The department of public service and administration has published new proposed legislation that will outlaw public servants from doing business with the state – directly and indirectly.
The draft regulations have a strong anti-corruption thread, whereby the department will investigate conflicts of interest when companies do business for the government and public servants stand to gain from the deals.
The rules aim to prevent public servants from doing business with the state directly or indirectly – to do this, government officials will be required to declare all their business interests and links.
As part of the new rules, public servants will be required to disclose their business interests once a year, including shares, loan accounts or any other form of equity in a registered private or public companies.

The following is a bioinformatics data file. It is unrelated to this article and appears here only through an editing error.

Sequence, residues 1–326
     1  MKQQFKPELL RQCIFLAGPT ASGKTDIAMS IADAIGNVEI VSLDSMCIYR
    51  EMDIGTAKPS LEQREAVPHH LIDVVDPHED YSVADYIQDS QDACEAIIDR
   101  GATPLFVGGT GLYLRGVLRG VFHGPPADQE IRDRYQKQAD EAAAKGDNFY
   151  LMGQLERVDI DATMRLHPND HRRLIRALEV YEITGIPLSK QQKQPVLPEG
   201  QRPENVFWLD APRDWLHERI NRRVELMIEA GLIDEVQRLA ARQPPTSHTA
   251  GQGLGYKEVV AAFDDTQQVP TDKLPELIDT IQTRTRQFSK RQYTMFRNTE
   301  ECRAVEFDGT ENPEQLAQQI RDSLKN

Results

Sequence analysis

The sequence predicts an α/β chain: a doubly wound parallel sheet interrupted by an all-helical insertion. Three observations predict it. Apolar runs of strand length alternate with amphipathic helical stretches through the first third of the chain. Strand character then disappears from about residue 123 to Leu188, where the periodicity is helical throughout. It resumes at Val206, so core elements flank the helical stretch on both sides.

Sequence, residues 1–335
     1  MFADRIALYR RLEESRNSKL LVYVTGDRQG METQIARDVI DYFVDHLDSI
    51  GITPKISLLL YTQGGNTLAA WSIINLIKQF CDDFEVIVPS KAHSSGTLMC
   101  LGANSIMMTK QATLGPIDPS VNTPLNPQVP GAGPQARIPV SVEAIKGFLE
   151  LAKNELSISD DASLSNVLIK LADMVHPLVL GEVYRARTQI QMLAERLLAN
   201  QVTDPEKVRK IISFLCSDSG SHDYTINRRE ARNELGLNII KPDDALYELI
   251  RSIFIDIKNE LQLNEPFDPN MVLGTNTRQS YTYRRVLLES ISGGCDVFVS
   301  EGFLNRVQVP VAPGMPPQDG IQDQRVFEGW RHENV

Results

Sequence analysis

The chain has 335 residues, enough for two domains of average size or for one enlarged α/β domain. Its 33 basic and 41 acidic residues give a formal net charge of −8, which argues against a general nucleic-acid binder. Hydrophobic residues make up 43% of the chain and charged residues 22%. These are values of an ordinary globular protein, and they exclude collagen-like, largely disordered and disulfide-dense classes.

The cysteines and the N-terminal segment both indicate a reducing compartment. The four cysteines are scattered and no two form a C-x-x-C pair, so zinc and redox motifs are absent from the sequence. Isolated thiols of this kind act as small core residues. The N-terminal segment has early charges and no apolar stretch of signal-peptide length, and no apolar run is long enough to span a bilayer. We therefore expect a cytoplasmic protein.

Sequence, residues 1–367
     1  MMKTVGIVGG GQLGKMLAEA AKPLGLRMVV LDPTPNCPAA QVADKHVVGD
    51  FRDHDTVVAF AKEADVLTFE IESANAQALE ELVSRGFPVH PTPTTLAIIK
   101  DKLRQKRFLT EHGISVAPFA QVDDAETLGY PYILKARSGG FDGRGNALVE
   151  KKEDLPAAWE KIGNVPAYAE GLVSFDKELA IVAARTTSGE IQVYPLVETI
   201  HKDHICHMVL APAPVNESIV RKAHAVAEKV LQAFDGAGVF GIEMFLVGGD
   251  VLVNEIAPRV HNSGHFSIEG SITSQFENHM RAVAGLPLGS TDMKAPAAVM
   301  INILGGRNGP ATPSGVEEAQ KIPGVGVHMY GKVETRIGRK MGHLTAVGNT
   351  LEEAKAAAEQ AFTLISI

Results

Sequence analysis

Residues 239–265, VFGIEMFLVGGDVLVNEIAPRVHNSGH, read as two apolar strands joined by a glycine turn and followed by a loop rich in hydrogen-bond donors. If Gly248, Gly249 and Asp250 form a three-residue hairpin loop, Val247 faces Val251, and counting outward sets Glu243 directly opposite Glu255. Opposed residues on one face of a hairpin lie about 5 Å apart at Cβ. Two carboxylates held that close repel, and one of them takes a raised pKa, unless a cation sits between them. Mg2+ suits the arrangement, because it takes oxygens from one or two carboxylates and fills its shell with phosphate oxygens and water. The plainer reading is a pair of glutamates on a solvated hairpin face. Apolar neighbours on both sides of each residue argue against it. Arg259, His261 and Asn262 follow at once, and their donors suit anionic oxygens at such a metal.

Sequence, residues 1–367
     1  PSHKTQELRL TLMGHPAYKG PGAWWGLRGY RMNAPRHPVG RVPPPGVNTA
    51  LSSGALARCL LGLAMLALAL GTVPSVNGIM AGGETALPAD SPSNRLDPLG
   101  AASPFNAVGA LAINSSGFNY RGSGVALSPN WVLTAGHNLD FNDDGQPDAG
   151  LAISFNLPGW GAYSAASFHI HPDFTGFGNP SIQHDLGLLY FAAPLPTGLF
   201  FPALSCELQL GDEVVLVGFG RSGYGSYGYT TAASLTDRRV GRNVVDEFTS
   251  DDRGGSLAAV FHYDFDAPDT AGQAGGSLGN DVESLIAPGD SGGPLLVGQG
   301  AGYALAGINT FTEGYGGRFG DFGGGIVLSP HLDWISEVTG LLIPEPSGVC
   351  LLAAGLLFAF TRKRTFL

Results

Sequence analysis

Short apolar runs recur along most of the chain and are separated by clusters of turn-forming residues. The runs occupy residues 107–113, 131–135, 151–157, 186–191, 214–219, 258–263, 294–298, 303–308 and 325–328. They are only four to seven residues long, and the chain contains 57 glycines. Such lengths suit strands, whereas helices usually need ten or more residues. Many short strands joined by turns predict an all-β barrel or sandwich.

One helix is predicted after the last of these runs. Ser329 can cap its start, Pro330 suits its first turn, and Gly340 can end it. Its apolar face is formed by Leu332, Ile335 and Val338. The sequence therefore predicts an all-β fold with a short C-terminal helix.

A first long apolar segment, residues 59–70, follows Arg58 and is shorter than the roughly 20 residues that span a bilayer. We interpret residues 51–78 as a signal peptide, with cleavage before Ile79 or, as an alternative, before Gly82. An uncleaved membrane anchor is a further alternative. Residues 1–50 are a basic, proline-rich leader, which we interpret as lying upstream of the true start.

Public servants will also have to disclose any directorships or partnerships they have with businesses, as well as any remuneration associated with these.
In the event a conflict of interest is found, the matter will be directed to an “executive authority”, which will have 30 days to investigate and develop a plan of action to “remove the conflict of interest”, where possible.
No penalty or punishment for not adhering to the rules is listed, but the draft document does say that failure to adhere to the rules at any level will lead to disciplinary action.
The draft regulations have been published for public comment, with a deadline set at 15 August.
Source: Business Tech